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UN chief to meet with major UNRWA donors

Antonio Guterres’ spokesperson tells JNS folding UNRWA into larger UN refugee organization “won’t solve the problems” of the besieged agency. 

Palestinians demonstrate in the Balata refugee camp against the policies of Scott Anderson, director of UNRWA in Judea and Samaria, Sept. 17, 2017. Photo by Nasser Ishtayeh/Flash90.
Palestinians demonstrate in the Balata refugee camp against the policies of Scott Anderson, director of UNRWA in Judea and Samaria, Sept. 17, 2017. Photo by Nasser Ishtayeh/Flash90.

U.N. Secretary-General Antonio Guterres was set to meet on Tuesday with major donors to the embattled U.N. Relief and Works Agency for Palestine Refugees in the Near East, the United Nations’ Palestinian-only refugee organization.

A number of major donor countries announced in recent days the suspension of their contributions to the agency amid revelations that 12 UNRWA employees participated in Hamas’ Oct. 7 massacre. The information was provided to UNRWA by Israel. Nine of the 12 employees had their contracts terminated, while another two were having their status reviewed. One of the employees identified is deceased.

Furthermore, The Wall Street Journal reported Monday that intelligence Israel shared with the United States indicated that out of some 13,000 local Gazan employees of UNRWA, approximately 1,200 have ties to either Hamas or Palestinian Islamic Jihad.

Guterres’ office did not immediately identify which countries would take part in Tuesday’s meeting. Spokesman Stephane Dujarric said Guterres met on Monday with Linda Thomas-Greenfield, Washington’s U.N. envoy.

Dujarric said the United Nations had not yet received from Israel the intelligence dossier cited in media outlets as implicating a substantial number of UNRWA employees or tying them directly to terror groups.

“We’re happy to get any information that they have,” Dujarric said, though there was no firm confirmation that the United Nations, which has taken a see-no-evil, hear-no-evil approach to UNRWA’s terror ties, actually requested the dossier. 

The United Nations said the funding suspensions leave UNRWA in peril, with money now set to run out by the end of February as the scandal-plagued organization leads humanitarian efforts in the Gaza Strip.

Guterres is appealing to governments that have suspended their contribution to at least guarantee a continuous cash flow to UNRWA, perhaps delaying their suspension until after war-related humanitarian needs subside.

Asked by JNS whether donor countries remaining skeptical of UNRWA could redirect their donations to the likes of the World Food Programme and other aid agencies in Gaza, Dujarric insisted that “No other organization than UNRWA has the infrastructure to do the work that they do. It’s not as if anyone else can come in tomorrow and do the work that they do. I’ve seen a lot of discussions that are just not feasible in any way, shape or form.”

Guterres also met with the head of the United Nations’ internal investigations unit to look into the allegations from Israel. The investigation “will be done swiftly and as efficiently as possible,” said Dujarric.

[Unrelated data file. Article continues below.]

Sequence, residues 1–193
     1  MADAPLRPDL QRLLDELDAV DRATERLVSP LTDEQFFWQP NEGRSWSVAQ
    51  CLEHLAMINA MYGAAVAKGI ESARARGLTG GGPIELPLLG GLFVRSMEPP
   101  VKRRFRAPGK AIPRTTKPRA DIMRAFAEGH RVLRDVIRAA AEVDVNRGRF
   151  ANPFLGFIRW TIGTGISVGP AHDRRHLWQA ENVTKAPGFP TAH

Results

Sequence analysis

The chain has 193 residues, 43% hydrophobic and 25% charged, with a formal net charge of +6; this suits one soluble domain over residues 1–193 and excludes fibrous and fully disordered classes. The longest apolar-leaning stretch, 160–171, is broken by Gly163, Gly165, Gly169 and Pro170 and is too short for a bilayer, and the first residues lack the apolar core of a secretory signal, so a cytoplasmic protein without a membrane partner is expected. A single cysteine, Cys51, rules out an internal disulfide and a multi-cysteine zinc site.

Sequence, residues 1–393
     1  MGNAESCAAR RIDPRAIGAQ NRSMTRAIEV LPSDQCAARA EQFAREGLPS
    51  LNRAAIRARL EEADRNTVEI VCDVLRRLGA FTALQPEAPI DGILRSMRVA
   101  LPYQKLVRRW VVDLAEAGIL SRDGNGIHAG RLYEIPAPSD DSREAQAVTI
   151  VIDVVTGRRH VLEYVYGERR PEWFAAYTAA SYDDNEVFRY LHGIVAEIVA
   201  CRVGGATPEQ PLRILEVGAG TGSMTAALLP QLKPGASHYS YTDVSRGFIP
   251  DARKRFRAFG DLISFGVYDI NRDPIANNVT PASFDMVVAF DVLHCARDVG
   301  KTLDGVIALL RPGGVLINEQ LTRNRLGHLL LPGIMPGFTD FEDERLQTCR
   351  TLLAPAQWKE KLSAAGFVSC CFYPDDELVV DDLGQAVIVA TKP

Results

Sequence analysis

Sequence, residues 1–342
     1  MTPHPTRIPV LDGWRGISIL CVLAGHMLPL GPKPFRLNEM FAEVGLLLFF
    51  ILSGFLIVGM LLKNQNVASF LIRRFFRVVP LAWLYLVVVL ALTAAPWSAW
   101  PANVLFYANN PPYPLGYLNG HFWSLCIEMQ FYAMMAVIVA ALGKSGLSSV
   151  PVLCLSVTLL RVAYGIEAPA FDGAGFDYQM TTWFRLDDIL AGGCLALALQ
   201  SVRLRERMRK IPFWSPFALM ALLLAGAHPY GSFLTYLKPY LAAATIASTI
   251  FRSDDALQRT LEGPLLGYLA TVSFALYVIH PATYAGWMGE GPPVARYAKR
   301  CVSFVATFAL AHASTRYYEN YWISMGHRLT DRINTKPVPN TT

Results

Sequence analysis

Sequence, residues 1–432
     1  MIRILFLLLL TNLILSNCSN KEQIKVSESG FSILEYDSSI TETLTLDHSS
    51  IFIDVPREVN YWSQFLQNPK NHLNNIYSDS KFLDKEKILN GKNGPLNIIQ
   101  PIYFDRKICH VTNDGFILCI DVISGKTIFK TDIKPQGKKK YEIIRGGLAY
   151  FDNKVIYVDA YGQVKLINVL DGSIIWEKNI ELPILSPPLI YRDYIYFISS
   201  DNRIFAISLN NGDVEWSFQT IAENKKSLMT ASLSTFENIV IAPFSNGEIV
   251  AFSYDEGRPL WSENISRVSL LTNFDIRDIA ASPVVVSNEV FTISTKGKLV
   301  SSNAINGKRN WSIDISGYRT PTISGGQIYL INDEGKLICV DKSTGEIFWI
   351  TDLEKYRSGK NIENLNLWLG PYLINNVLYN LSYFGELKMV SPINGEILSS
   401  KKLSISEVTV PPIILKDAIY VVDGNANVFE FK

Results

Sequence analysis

“Any employee involved in acts of terror will be held accountable, including through criminal prosecution,” Dujarric added, though he could not identify any avenue through which a prosecution could take place, given that the United Nations holds no jurisdiction and any ruling entity in Gaza is almost certainly not going to hand over suspects to Israel to be tried there. Guterres cited an unnamed “competent authority” in a Sunday statement.

“Let’s let the investigation run its course” before determining jurisdictional issues, he said, adding that the results of the investigation will not be made public in full. 

“But obviously we will transmit part of that. We will make public whatever information we can,” he said.

Given UNRWA’s growing scandals and perennially precarious financial position, JNS asked Dujarric whether Guterres has shown any proclivity to shutting down UNRWA and folding it into the larger U.N. High Commissioner for Refugees (UNHRC), which handles all refugees around the world outside of the Palestinian sphere.

Dujarric, though, insisted that “the needs are not going to change. The situation would be the same.” 

Left unsaid was that the needs would remain the same only if the UNHRC keeps in place UNRWA’s unique structure, which includes over 40% of its staffing being made up of local employees, something radically out of line with other U.N. agencies. UNRWA also spends a substantial part of its budget on the children, grandchildren and great-grandchildren of refugees from the 1948 Israeli War of Independence. UNHRC gives no such status to the descendants of refugees.

“It is not for the secretary-general to just move these organizations and change their mandates,” said Dujarric.

Asked why Guterres treats the folding of UNRWA as an apparent taboo and has not broached the subject with member states, as he does with myriad other issues, Dujarric said, “It’s not that it’s taboo. The focus right now is on serving the millions and millions of people—the two million in Gaza and, of course, the others outside of Gaza who need help.”

Israeli Foreign Minister Israel Katz said Monday he had canceled a meeting with UNRWA Commissioner-General Phillipe Lazzarini scheduled for later in the week.

Sigrid Kaag, the recently-appointed U.N. coordinator for Gaza relief and reconstruction, is scheduled to brief the U.N. Security Council on Tuesday. The council is to hold a meeting on Wednesday at the request of Algeria to discuss the International Court of Justice’s ruling last weekend in South Africa’s case against Israel related to Jerusalem’s prosecution of the war against Hamas.

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